# Problem Statement

Given *n*, how many structurally unique **BST’s** (binary search trees) that store values 1…*n*?

For example,

Given *n* = 3, there are a total of 5 unique BST’s.

1 3 3 2 1 \ / / / \ \ 3 2 1 1 3 2 / / \ \ 2 1 2 3

Given *n*, how many structurally unique **BST’s** (binary search trees) that store values 1…*n*?

For example,

Given *n* = 3, there are a total of 5 unique BST’s.

1 3 3 2 1 \ / / / \ \ 3 2 1 1 3 2 / / \ \ 2 1 2 3

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Given a binary tree and a sum, determine if the tree has a root-to-leaf path such that adding up all the values along the path equals the given sum.

For example:

Given the below binary tree and `sum = 22`

,

5 / \ 4 8 / / \ 11 13 4 / \ \ 7 2 1

return true, as there exist a root-to-leaf path `5->4->11->2`

which sum is 22.

You are given two linked lists representing two non-negative numbers. The digits are stored in reverse order and each of their nodes contain a single digit. Add the two numbers and return it as a linked list.

**Input:** (2 -> 4 -> 3) + (5 -> 6 -> 4)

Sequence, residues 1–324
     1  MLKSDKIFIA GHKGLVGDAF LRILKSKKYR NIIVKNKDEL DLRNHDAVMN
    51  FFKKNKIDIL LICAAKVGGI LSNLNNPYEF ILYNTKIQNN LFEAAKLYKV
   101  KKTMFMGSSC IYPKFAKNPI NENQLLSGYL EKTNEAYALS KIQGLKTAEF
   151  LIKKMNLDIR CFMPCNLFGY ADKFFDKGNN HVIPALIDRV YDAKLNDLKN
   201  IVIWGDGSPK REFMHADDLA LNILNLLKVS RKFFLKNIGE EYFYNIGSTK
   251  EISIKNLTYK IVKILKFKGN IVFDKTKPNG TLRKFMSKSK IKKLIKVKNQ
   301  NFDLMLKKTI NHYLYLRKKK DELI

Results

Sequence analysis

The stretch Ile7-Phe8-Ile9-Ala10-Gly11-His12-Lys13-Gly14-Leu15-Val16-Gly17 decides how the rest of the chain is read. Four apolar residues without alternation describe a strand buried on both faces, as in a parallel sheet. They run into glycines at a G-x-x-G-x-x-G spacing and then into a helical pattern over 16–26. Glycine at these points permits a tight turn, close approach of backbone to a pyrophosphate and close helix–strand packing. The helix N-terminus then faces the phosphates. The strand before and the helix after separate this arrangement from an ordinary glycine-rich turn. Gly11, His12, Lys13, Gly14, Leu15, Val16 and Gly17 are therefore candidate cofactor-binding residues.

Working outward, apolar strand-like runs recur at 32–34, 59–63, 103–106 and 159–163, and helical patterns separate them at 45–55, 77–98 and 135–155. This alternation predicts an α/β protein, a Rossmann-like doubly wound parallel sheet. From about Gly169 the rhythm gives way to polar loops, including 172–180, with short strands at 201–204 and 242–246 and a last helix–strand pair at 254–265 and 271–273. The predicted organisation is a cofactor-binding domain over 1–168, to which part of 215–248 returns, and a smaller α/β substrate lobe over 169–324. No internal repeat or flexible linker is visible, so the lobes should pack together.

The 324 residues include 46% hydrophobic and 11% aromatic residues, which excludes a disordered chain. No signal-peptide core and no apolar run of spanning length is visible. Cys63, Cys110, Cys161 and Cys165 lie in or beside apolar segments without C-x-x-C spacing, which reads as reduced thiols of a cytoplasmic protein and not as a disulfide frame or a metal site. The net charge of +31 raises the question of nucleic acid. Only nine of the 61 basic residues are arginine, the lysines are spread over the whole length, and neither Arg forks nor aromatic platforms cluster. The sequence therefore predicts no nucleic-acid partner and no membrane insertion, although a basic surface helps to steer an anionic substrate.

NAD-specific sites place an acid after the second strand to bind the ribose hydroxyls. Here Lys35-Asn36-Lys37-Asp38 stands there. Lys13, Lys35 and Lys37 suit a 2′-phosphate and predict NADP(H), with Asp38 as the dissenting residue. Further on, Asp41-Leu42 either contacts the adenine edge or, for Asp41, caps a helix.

**Output:** 7 -> 0 -> 8

Given a binary tree, flatten it to a linked list in-place.

For example,

Given

1 / \ 2 5 / \ \ 3 4 6

The flattened tree should look like:

1 \ 2 \ 3 \ 4 \ 5 \ 6

Given a linked list, remove the *n*^{th} node from the end of list and return its head

Hi to all,

This is my first article in this blog. The article briefly describes **How to Find a Loop in Linked List and Finding the start of the Loop.**

To find the Loop in linked list, we can use Floyd’s Cycle Detection Algorithm. The algorithm is also **Tortoise – Hare Algorithm. **

Imagine a circular track and two runners. One runner is twice as fast as the other. Both of them start at same point ‘P’. The only point they will meet in the circular track again is the start point ‘P’.

If the slow runner starts at “S” and fast runner starts at “K” distance away from the point “S”, then they will meet in the circular track at “K” distance before the start point “S”.

See this diagram for clear understanding,

The fast runner ‘F’ is quarter distance ahead of ‘S’. ‘S’ is the starting point. They both meet quarter distance before the starting point ‘S’.

The point we derive from this is :

If the faster runner is ‘K’ step ahead of the slow runner at the start of the race, then they meet first at ‘K’ Steps before the starting point.

You can have a better understanding , if u are able to crack this spoj problem .

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